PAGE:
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It's been hard not to notice in recent weeks that Universal has been quickly shedding every single movie it's developing that is based on a toy or board game. It's been not even four years since the studio struck a deal with toy manufacturer Hasbro to make a whole slate of movies based on their properties, and they quickly went into development on films as wide ranging as Ouija, Stretch Armstrong, Clue, Candy Land and Battleship, which was the only one to actually go into production (it comes to theaters in May). All the others died off slowly in development or were spun off to other studios; the final straws came last week, when Relativity picked up Stretch Armstrong and, in an even bolder move, Sony took over Candy Land and set it up as an Adam Sandler starring vehicle.
It's a depressing turn of events for the studio that brought you E.T. and Back to the Future, struggling to regain their ability to produce big family-friendly hits while their only live-action successes are adult-focused films like Fast Five, Bridesmaids and the Bourne movies. In an analysis of the Universal-Hasbro fallout at Vulture, Claude Brodesser-Akner writes that Universal hoped Hasbro could be for them what Marvel was to Paramount and now Disney-- a source of brand names and characters that could be spun into the franchises the studio sorely needed. It's hard to say if Battleship will be that-- though the sour fate of all the other Hasbro movies certainly makes that questionable-- but Universal was met with so much derision over their pursuit of board game movies that they seem to have finally caught on. We were saying for years that it was stupid to make a Stretch Armstrong movie, and now the studio finally seems to agree.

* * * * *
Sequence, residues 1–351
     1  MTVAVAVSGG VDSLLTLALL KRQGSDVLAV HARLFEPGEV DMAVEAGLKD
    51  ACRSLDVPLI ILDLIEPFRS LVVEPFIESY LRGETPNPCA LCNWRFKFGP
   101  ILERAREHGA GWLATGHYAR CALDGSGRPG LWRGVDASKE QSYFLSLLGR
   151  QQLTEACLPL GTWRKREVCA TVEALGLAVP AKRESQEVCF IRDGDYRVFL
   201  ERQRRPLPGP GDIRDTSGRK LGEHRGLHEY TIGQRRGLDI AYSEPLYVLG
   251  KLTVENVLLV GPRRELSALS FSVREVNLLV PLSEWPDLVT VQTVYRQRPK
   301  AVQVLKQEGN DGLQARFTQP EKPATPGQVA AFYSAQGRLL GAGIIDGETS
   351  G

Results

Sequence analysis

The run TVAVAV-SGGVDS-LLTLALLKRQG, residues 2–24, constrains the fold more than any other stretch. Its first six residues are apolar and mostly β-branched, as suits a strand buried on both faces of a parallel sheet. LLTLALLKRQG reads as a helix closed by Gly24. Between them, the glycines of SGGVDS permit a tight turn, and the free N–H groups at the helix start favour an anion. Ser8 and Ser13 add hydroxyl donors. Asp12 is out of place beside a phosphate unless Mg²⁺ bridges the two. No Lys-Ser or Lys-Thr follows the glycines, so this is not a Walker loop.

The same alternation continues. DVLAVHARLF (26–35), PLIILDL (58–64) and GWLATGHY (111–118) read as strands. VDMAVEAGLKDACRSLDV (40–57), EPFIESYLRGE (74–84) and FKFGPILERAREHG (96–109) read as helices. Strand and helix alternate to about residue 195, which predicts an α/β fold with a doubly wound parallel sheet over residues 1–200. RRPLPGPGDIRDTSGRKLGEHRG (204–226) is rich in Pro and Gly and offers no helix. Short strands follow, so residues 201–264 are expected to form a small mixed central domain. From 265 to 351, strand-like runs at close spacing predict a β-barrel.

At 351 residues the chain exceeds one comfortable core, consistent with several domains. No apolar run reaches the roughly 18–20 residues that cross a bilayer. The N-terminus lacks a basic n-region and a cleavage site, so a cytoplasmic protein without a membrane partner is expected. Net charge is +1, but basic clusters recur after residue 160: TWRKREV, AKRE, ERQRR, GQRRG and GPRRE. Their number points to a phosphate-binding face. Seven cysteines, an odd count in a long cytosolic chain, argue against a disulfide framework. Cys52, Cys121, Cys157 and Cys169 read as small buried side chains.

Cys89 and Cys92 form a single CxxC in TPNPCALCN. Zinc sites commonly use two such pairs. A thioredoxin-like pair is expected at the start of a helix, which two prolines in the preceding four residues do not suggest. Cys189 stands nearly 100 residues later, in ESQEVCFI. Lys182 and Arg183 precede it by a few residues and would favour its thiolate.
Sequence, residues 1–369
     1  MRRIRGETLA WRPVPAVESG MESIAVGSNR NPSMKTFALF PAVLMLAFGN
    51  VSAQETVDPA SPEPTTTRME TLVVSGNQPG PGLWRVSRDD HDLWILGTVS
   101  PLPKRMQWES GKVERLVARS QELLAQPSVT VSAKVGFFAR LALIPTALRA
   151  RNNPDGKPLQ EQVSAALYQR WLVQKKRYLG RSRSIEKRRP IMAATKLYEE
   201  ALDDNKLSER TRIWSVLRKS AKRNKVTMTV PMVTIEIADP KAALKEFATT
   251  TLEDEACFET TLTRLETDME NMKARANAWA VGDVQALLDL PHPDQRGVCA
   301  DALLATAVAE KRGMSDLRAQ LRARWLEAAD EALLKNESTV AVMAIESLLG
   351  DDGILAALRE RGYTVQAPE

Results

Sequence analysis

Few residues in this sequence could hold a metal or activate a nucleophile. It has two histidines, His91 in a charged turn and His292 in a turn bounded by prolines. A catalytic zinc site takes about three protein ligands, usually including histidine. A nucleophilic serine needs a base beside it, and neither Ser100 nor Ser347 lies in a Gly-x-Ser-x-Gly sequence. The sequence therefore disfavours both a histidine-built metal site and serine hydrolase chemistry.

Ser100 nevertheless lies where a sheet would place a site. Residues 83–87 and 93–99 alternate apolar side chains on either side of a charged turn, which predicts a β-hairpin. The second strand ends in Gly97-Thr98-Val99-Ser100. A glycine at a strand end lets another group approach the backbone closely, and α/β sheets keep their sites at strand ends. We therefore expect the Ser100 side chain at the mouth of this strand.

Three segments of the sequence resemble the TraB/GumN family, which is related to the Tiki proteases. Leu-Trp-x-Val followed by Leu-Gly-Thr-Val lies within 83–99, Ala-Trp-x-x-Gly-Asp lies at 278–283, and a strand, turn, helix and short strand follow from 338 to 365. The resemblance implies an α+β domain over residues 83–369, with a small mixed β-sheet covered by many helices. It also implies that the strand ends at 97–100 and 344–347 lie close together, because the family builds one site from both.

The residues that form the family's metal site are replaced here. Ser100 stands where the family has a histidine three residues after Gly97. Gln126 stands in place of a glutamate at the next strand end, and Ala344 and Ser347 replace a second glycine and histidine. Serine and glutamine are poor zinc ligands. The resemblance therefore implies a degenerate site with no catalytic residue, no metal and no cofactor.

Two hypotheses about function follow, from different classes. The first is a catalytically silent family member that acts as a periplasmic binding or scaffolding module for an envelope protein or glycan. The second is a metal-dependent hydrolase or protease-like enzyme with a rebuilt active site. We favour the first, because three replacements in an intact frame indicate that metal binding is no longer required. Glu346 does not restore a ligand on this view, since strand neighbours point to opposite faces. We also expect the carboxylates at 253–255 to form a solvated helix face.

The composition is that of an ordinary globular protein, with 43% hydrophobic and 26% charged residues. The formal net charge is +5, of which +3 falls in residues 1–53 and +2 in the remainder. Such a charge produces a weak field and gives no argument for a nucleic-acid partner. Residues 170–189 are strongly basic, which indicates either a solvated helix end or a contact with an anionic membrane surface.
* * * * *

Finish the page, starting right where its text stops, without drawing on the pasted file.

And their agreement comes at a heavy, heavy price. The deal they struck with Hasbro, which was intended to last six years but is now dead after only four, came with a $5 million penalty for every film they tried to produce but didn't actually make. Rather than pay that fee for every single dead project, Universal reportedly just paid an "enormous, multi-million dollar penalty" just to get out of a deal. Yes, you're reading this right: at a time when plenty of indie filmmakers with excellent ideas struggle to get financing for their films, Universal has paid millions of dollars not to make movies about board games. And because the rights to all of these movies have been sold off to other studios, Universal didn't even do us the favor of preventing these movies from happening at all.
As much as I hated the Super Bowl spot I do hold out hope that Peter Berg's smarts can make Battleship worthwhile. I also can't help feeling bad for it-- Universal's concerted effort to get out of the Hasbro business really, really doesn't speak well of their hopes for that movie. It's nice to see the studio realizing that board game movies aren't a sustainable strategy, but it's a shame to see that happen at the expense of a blockbuster that at least deserves a fair shake.